On June 11th, Shannon Dugas, Host of “The Couch” Radio Show, interviewed Tim Simpson, long time neighbor, advocate and friend of Rick Simpson.

It is a very interesting and informative show and I urge everyone to take the time to listen to it.

This week we are truly humbled to have Tim Allen from Phoenixtears. He has some very important information that he wants to share with all of us.

HERE IS A DIRECT LINK TO AUDIO OF SHOW USING IE

 

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Above:  Shannon Dugas and Co-Host Erica Sinden

Image may contain: 1 person, sitting

Above:  Tim Allen

No automatic alt text available.

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http://phoenixtears.ca/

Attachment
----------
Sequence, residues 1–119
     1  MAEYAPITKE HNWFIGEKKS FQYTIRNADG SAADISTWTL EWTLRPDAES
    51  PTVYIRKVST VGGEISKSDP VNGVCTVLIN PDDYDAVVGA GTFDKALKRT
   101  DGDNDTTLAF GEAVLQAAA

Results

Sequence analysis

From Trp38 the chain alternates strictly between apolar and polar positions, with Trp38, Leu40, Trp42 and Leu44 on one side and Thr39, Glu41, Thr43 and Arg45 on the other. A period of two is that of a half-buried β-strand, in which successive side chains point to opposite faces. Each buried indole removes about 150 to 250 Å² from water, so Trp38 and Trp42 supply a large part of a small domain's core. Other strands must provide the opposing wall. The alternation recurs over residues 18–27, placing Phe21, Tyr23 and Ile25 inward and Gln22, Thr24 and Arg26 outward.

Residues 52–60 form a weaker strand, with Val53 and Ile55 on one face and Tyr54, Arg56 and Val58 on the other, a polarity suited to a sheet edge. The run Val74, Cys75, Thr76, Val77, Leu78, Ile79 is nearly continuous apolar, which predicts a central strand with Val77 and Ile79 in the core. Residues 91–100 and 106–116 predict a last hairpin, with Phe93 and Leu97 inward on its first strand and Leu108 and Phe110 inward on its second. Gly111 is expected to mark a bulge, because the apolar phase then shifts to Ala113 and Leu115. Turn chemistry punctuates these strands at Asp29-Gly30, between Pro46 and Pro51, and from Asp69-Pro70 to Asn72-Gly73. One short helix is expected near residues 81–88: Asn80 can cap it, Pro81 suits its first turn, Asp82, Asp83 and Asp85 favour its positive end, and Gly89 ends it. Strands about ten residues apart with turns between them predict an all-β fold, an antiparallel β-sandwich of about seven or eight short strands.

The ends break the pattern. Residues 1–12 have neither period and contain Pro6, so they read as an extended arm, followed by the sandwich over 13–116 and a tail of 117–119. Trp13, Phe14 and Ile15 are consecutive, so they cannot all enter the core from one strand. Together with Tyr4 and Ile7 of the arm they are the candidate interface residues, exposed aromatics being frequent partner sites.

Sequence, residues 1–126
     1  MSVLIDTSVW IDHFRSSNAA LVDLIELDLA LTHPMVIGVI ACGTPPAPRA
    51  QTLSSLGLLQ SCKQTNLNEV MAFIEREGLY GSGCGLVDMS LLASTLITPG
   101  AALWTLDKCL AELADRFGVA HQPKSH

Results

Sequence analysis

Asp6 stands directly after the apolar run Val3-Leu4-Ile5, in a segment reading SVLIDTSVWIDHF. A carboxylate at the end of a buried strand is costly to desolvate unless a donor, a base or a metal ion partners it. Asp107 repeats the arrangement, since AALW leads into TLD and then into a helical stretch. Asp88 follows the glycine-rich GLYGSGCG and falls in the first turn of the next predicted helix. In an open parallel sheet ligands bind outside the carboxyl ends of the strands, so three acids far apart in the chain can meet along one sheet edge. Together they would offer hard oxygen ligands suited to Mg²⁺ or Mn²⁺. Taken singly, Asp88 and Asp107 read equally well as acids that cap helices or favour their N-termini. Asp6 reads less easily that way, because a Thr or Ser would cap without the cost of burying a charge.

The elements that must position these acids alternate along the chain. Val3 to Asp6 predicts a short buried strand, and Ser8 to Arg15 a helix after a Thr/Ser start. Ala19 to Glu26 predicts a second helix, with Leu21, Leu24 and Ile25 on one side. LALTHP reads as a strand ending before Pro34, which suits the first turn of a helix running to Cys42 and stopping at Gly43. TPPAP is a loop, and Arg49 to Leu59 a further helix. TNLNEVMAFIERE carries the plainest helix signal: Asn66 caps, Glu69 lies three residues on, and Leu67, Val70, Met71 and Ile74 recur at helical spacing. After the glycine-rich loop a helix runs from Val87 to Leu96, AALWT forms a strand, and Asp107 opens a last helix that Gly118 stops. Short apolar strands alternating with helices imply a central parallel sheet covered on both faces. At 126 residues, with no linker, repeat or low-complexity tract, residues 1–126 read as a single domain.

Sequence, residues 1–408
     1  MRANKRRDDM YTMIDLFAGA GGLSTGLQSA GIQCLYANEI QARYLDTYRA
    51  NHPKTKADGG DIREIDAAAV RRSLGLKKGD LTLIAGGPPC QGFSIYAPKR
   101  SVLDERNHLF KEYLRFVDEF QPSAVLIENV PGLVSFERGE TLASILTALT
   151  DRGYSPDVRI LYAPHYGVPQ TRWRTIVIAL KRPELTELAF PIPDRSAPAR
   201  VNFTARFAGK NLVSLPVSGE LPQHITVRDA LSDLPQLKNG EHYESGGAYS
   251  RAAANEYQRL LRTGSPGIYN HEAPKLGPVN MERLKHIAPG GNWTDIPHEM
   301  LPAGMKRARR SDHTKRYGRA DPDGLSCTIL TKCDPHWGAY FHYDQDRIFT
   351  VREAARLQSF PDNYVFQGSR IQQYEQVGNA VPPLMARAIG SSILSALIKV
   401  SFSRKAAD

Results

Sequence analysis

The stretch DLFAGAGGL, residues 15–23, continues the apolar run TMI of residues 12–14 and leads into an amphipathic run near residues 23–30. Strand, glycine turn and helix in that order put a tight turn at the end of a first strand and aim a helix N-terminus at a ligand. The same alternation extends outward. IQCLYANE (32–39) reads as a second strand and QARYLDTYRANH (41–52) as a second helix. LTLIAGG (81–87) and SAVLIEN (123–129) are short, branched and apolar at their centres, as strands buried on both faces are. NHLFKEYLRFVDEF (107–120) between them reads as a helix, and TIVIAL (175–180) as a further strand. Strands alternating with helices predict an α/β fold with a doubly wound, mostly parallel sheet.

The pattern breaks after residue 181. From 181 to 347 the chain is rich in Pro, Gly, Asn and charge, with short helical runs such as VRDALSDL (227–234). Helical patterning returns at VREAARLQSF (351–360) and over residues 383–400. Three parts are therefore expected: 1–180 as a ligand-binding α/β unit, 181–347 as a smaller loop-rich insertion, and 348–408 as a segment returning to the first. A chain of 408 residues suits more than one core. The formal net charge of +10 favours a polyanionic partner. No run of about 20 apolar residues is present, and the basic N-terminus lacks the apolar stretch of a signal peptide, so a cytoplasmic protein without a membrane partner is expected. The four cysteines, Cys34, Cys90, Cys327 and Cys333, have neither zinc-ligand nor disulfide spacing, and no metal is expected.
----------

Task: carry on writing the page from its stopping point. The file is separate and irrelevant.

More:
https://epsilon.shoutca.st:2197/ondemand/dcn/Replay%20The%20Couch%20June%2011%202017.mp3

https://business.facebook.com/dunet.ca/?business_id=466135496872213&ref=page_internal

https://www.facebook.com/tim.allen.1675

https://www.facebook.com/ricksimpsonofficial

http://phoenixtears.ca/rso/video-library/

https://www.youtube.com/user/RickSimpsonOilCure/videos

https://business.facebook.com/dunet.ca/?business_id=466135496872213&ref=page_internal

http://www.dunet.ca/thecouch.html

https://www.youtube.com/watch?v=zDJX7GqsQoA

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IN HONOR OF #NATIONALBOURBONDAY

I found this article while “googling” today and thought it was appropriate!

Image result for KENTUCKY BOURBON cannabis infused

Marijuana-flavored bourbon, anybody?

Fred MinnickMarch 10, 2016

Who wants weed with your bourbon, rum or brandy? Soon, your pot-laden dreams may come true.

Like many people of my generation, I grew up thinking if I smoked weed that my brain would fry like eggs sizzling in bacon grease. Remember that commercial?

The 1987 Public Service Announcement shows a skillet sizzling, an egg cracks and is dropped into the pan. “This is your brain on drugs.” The egg fries, encouraging much of America’s youth to stay away from pot.